Mahakashyapa used every now and then to come to ask Buddha when samadhi would happen. Buddha would tell him not to worry, and that he would not need to come and ask him when it happened. When it happens you will recognize it, and not only will you recognize it, whosoever sees you will recognize it if they have even a little bit of ability to see, because when that revolution happens within its rays shine out, piercing their way through the person’s body, being and everything.
On the step of assimilation the seeker will know that he is a different person, that he is new, that he is born again. He will know that he is not the same person who had gone into samadhi. Someone had gone in, somebody else has come out.
The next step below assimilation is contemplation. When the seeker comes into the mind further down from assimilation, the moment of contemplation will arise. Now the seeker will be able to think, look back and contemplate as to what really happened: “What did I see? What is it that I came to know? What did I live?” Now he will try to put his experience into thoughts, words and concepts.
It is those who have been able to put their experience into words at the step of contemplation who have given birth to the Vedas, the Upanishads, the Bible and the Koran. Many have reached the state of samadhi, but it is a difficult task to bring back to the step of contemplation what has been known.
Remember, the earlier journey towards samadhi is not as difficult as we think it is. If we compare it with the return journey it is very easy. This return journey is very difficult. Thousands attain samadhi, but only very few of them are able to come back and take a footing at the step of assimilation. Still fewer are able to descend to the step of contemplation, and still fewer make it to that first step called listening.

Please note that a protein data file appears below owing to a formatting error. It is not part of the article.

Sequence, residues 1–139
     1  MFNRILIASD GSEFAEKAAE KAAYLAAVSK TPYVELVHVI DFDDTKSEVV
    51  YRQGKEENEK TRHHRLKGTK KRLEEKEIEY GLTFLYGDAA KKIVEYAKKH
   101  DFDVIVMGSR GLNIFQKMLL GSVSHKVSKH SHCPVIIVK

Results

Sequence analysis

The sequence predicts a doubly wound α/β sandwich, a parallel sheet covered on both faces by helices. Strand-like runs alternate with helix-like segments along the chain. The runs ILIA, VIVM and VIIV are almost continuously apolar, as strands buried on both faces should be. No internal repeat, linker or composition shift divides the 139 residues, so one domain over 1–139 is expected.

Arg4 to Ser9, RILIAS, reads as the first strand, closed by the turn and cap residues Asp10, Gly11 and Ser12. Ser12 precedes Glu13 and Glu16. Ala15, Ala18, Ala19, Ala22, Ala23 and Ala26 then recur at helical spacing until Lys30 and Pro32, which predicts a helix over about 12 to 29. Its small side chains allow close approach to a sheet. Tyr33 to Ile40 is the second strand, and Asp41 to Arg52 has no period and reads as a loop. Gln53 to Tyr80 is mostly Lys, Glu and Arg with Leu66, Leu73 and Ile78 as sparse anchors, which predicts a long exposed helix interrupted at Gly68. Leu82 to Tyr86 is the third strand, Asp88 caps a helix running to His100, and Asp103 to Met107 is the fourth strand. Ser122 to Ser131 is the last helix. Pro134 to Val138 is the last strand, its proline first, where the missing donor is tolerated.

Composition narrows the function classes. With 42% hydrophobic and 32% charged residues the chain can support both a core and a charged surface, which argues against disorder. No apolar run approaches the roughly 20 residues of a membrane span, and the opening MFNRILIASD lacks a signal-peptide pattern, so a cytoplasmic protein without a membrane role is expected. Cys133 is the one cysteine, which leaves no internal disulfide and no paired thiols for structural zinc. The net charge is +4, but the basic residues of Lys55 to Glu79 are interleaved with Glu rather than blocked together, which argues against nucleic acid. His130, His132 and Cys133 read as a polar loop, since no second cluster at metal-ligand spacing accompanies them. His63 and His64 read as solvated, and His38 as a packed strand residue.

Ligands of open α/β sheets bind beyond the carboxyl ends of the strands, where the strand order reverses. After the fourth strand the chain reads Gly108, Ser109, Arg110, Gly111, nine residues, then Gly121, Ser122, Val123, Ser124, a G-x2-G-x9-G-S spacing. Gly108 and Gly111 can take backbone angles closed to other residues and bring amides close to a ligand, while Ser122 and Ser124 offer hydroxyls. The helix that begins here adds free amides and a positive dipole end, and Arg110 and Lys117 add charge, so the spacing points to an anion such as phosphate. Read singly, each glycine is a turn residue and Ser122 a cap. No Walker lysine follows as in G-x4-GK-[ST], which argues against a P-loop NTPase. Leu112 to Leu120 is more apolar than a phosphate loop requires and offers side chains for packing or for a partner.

The name of this step is changed on the return journey, about which I shall talk to you later. Thousands reach to the state of samadhi, but rarely does one of them become a buddha. ‘Buddha’ means one who is able to climb down all the four steps and give to the world what he has known. Contemplation means putting all that is thoughtless into thoughts on the return journey. Putting that which cannot be spoken, cannot be thought, within the boundaries of words is the most impossible thing in this world.
You see it when the morning sun rises. Seldom is a painter able to catch that rising aspect of the sun in his painting. It is not very difficult to paint the sun, any painter can do that, but to catch the rising aspect of it is difficult. The phenomenon of rising, that quality of growth which is continuously growing – if that gets painted, so that seeing the painting one feels that the sun is about to move…now, now it is rising up, up…. This seldom happens. To catch a tree in a painting is not difficult, but to catch its aliveness is difficult. Looking at it one may feel that the leaves are about to flutter any moment, a slight breeze and the flowers will fall off. This is very difficult to paint – very difficult. And that is the difference between photography and painting. No matter how sharp a photograph may be, it portrays only the dead aspects, it does not portray the aliveness.